She shocked me by what she’d just said.
I was 11 or 12 at the time, in 6th grade at Saint Paul Lutheran School in Mount Prospect. Our class was talking about heaven and things like that, and the teacher had asked us what we were looking forward to seeing in heaven. (Looking back, it was a very morbid conversation!) Classmates were saying things like their grandma or favourite aunt, but I hadn’t had any close family members who had died at that time.
Now, when I was growing up, we had an Irish Setter named Cindy. She would follow me around faithfully. When I got too close to the chain-link fence, two German Shepherds barking and snarling on the other side, Cindy would wedge between me and the fence, pushing me away from danger. I even remember, being very young at the time, staring out of my crib at night, the room dark but the door open, the light in the hallway streaming in across the floor, shining on Cindy lying on the floor, her brown eyes gazing up at me to make sure I fell asleep safe and sound. I only have fond memories of Cindy.
So when this discussion came around, and it was my turn to say who I was looking forward to meeting again in heaven (again I still think this was a morbid conversation for 11 and 12 year olds), I said, “Cindy”.
The teacher was a bit perplexed and asked who Cindy was, so I explained. And, quite flatly, with a scoff and a dismissive air, my teacher proceeded to tell the entire class in a mocking sort of way, “But dogs don’t go to heaven.”
Being the rational-minded person I am, I asked why. Why, if dogs are God’s creations, don’t they go to heaven when they die?
Because, she said, dogs don’t have souls. No animals have souls: only humans.
This greatly upset me and angered me. It rocked my foundations to the core and started me questioning my faith.
Up to that point, whatever teachers had said was the truth; I don’t believe I ever questioned anything up to that point. But her comments I questioned. It started me diverging from the Christianity of the masses to the Christianity I believe in today.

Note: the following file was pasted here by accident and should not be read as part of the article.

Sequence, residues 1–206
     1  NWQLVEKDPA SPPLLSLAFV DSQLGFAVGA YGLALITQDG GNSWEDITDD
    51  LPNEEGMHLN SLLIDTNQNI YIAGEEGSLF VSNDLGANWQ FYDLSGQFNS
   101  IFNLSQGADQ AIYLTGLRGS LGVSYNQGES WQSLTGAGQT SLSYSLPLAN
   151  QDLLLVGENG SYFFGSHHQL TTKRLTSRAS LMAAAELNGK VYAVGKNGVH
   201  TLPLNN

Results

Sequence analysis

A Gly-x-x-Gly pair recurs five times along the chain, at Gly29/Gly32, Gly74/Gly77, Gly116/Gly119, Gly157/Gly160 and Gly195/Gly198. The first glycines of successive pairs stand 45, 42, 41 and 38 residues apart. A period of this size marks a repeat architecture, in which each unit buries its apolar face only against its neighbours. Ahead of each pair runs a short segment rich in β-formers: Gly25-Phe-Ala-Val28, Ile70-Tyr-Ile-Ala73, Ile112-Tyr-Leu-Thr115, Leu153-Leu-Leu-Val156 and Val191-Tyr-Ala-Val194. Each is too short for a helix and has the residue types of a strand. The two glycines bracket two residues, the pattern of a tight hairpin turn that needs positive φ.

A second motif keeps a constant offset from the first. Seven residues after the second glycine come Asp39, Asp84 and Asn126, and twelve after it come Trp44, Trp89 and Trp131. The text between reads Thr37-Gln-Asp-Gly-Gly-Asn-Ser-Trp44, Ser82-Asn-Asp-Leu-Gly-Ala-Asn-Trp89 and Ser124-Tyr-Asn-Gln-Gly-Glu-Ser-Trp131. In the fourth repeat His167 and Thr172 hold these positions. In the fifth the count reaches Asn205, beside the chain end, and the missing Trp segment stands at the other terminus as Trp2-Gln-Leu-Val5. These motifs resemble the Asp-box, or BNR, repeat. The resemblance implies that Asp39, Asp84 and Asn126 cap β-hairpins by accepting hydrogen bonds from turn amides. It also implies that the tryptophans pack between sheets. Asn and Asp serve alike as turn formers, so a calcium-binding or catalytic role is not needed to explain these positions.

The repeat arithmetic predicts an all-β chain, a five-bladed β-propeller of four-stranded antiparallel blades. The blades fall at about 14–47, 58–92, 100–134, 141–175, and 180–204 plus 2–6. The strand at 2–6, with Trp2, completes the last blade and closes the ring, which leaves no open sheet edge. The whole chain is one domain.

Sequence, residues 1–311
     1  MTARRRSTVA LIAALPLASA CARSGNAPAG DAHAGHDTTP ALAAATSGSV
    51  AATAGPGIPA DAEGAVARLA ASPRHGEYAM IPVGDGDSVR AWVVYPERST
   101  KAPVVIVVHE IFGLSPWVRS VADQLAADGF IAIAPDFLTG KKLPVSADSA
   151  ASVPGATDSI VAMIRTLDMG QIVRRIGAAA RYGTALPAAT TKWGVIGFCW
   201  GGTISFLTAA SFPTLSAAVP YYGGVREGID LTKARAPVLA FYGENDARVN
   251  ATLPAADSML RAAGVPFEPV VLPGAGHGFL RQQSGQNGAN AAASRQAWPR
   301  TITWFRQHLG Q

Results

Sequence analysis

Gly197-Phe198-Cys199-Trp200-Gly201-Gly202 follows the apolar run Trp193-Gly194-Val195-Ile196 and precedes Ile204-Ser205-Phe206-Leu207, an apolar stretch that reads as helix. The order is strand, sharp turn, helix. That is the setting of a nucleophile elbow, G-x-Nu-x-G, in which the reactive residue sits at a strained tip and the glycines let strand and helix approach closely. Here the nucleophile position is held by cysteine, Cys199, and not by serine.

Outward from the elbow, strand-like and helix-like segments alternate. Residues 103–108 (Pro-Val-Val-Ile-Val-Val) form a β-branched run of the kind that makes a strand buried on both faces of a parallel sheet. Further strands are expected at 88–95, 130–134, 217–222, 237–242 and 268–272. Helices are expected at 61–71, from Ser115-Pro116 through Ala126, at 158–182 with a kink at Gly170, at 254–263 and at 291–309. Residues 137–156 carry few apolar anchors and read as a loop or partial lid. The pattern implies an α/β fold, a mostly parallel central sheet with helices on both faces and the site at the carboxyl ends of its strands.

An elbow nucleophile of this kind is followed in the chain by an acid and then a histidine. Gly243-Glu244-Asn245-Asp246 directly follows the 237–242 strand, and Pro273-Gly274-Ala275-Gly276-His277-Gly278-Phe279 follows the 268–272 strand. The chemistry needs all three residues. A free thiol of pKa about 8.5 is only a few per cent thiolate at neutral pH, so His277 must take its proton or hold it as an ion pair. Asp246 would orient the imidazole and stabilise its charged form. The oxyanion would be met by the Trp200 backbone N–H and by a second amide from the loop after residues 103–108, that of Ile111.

Jenah, as some readers may know, is our big dog. (We do have two Chihuahuas, Levi and Nyota, and I can use examples on all three, but Jenah is the easiest.) She has personality plus. When she found out she wasn’t a human — she looked in the floor to ceiling mirror with Noel and me standing behind her, looking down at her face, then up at us, then down at her own again, then walked away slowly with her head down and her tail down — she was depressed for weeks.
When I cry, she comforts me. She even tries to cheer me up! When I’m happy, we play with her toys or joke around. When she and I are tired, she lays down with me and we fall asleep. She plays games with us. She learns words quickly. She knows peoples’ names and knows when they are coming over. And each person, she treats differently. Noel’s mother for example: Jenah is very attentive, very loving but very careful around her (as she is 90, you know).
Looking into her big brown eyes, there is intelligence and personality in her. She is loving and caring towards all the other animals and us and every person who has walked in our door bar one. Even right now as I type this, she’s staring at me, big smile on her face, with her ears up and her tail wagging.
I love her, and she loves me.
So, with all that in mind, how can she not have a soul?